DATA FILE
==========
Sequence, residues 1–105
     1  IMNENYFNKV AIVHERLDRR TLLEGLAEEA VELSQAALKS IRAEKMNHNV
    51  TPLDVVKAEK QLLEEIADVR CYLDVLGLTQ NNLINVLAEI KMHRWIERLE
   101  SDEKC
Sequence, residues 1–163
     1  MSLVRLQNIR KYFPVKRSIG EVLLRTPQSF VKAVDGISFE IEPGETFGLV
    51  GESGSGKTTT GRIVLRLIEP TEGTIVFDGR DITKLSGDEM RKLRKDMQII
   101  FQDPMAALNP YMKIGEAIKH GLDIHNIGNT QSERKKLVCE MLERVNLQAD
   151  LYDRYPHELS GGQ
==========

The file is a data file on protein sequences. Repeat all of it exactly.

Sequence, residues 1–105
     1  IMNENYFNKV AIVHERLDRR TLLEGLAEEA VELSQAALKS IRAEKMNHNV
    51  TPLDVVKAEK QLLEEIADVR CYLDVLGLTQ NNLINVLAEI KMHRWIERLE
   101  SDEKC
Sequence, residues 1–163
     1  MSLVRLQNIR KYFPVKRSIG EVLLRTPQSF VKAVDGISFE IEPGETFGLV
    51  GESGSGKTTT GRIVLRLIEP TEGTIVFDGR DITKLSGDEM RKLRKDMQII
   101  FQDPMAALNP YMKIGEAIKH GLDIHNIGNT QSERKKLVCE MLERVNLQAD
   151  LYDRYPHELS GGQ